A maintenance strategy for discontinuing aversive procedures: A 52-month follow-up of the treatment of aggression

R. M. Foxx, R. G. Bittle, G. D. Faw

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Abstract

A strategy for systematically discontinuing aversive treatment components is illustrated with a 52-month follow-up of the treatment of severe aggression by an institutionalized, dually diagnosed deaf male. Phase 1 lasted 28 months and included: (a) contingent electric shock, (b) a high density positive reinforcement, (c) compliance training, (d) transfer of programmatic responsibility to others, and (e) a relaxation procedure. Phase 2 has lasted for 24 months and features (a) replacing shock with decreasing durations of nonexclusionary timeout and (b) naturally occurring reinforcers. Aggression has remained very low for over 4 years. The client is in an all day workshop, visits home frequently, and accompanies his parents on vacation. A social validity questionnaire revealed that he has become more sociable and less dangerous.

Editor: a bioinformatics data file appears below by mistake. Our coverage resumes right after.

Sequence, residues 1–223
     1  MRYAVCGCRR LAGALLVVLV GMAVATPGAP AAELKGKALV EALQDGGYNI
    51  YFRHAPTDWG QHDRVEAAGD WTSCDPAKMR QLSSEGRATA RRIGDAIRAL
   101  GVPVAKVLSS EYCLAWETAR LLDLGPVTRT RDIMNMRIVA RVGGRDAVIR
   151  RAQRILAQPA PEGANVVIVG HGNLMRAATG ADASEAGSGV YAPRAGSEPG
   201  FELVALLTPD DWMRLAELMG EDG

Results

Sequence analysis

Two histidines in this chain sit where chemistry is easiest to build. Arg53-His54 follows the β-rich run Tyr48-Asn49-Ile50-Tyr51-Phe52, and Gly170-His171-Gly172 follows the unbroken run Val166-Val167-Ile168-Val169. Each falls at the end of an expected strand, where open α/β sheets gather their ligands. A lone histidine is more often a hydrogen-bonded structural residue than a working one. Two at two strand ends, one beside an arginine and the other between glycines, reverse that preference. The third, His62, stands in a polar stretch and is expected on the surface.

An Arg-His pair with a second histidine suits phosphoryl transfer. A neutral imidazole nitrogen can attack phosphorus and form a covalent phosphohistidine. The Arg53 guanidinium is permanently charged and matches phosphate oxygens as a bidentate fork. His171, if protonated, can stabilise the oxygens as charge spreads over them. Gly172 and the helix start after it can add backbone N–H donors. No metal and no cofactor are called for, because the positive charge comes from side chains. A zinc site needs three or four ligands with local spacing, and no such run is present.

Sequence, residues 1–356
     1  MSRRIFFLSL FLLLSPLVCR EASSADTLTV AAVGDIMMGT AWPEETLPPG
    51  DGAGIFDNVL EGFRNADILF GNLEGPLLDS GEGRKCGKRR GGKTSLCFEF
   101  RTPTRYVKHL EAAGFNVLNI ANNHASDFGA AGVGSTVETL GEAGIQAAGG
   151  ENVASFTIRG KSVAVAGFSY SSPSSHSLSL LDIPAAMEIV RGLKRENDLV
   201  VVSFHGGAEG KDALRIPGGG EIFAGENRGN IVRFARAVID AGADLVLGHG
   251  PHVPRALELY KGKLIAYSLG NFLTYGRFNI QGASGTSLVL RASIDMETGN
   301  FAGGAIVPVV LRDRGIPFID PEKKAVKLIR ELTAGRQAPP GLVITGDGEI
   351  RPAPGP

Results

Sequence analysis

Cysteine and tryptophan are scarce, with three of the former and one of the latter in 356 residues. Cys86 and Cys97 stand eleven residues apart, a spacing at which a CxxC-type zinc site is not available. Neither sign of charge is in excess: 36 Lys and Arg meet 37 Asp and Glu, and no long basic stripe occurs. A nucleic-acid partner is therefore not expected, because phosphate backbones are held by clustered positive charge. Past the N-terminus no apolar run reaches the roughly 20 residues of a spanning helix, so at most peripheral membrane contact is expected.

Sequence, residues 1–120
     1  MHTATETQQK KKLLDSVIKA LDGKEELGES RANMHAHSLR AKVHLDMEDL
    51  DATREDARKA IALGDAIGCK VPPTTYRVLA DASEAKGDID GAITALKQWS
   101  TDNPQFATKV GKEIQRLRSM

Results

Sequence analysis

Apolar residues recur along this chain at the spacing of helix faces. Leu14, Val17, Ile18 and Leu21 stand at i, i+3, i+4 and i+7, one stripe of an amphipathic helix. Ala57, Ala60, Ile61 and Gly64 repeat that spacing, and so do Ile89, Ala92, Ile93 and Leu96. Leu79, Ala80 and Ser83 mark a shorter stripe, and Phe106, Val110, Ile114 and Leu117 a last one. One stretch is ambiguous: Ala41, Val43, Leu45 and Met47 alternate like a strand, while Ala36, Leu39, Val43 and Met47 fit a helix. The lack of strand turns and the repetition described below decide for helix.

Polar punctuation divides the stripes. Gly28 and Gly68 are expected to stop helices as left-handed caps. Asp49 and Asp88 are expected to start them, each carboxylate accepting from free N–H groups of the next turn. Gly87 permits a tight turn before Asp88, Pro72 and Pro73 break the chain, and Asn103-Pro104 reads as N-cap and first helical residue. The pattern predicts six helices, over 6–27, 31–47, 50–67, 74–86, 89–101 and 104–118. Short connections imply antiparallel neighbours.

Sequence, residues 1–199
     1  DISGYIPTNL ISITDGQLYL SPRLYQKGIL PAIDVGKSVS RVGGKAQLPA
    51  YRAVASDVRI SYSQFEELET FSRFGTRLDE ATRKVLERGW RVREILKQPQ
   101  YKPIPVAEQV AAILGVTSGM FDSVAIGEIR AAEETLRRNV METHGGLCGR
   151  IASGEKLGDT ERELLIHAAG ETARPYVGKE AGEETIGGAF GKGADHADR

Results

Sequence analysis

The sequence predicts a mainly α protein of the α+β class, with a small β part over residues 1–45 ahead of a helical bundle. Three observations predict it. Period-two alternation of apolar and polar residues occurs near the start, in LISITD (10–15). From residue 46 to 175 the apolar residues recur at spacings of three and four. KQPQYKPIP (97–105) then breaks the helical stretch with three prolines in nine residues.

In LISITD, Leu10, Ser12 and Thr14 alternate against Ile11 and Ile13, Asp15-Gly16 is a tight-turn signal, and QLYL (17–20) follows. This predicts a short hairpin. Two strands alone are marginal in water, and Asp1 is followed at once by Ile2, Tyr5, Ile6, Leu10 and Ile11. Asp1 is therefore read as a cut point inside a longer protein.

Original languageEnglish (US)
Pages (from-to)27-36
Number of pages10
JournalAmerican Journal on Mental Retardation
Volume94
Issue number1
Publication statusPublished - Jan 1 1989

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All Science Journal Classification (ASJC) codes

  • Education
  • Rehabilitation
  • Developmental and Educational Psychology
  • Health Professions(all)

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